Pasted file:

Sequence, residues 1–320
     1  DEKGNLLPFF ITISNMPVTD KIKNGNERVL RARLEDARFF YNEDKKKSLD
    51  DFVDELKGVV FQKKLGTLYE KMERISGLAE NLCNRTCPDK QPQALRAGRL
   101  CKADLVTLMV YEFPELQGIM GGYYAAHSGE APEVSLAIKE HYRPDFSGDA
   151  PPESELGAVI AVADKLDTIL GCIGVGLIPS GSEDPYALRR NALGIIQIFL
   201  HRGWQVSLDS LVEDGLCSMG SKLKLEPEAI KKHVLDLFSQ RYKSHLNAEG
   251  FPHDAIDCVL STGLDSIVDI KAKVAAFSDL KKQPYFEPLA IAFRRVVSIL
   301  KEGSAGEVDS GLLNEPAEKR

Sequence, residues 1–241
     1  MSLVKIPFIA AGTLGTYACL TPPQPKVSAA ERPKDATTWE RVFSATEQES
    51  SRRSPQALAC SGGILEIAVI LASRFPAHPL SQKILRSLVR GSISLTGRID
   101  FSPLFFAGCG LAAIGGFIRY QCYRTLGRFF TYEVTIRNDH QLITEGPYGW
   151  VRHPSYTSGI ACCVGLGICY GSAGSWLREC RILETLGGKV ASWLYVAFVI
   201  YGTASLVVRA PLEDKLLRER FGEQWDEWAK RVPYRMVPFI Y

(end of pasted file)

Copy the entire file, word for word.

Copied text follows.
Sequence, residues 1–320
     1  DEKGNLLPFF ITISNMPVTD KIKNGNERVL RARLEDARFF YNEDKKKSLD
    51  DFVDELKGVV FQKKLGTLYE KMERISGLAE NLCNRTCPDK QPQALRAGRL
   101  CKADLVTLMV YEFPELQGIM GGYYAAHSGE APEVSLAIKE HYRPDFSGDA
   151  PPESELGAVI AVADKLDTIL GCIGVGLIPS GSEDPYALRR NALGIIQIFL
   201  HRGWQVSLDS LVEDGLCSMG SKLKLEPEAI KKHVLDLFSQ RYKSHLNAEG
   251  FPHDAIDCVL STGLDSIVDI KAKVAAFSDL KKQPYFEPLA IAFRRVVSIL
   301  KEGSAGEVDS GLLNEPAEKR

Sequence, residues 1–241
     1  MSLVKIPFIA AGTLGTYACL TPPQPKVSAA ERPKDATTWE RVFSATEQES
    51  SRRSPQALAC SGGILEIAVI LASRFPAHPL SQKILRSLVR GSISLTGRID
   101  FSPLFFAGCG LAAIGGFIRY QCYRTLGRFF TYEVTIRNDH QLITEGPYGW
   151  VRHPSYTSGI ACCVGLGICY GSAGSWLREC RILETLGGKV ASWLYVAFVI
   201  YGTASLVVRA PLEDKLLRER FGEQWDEWAK RVPYRMVPFI Y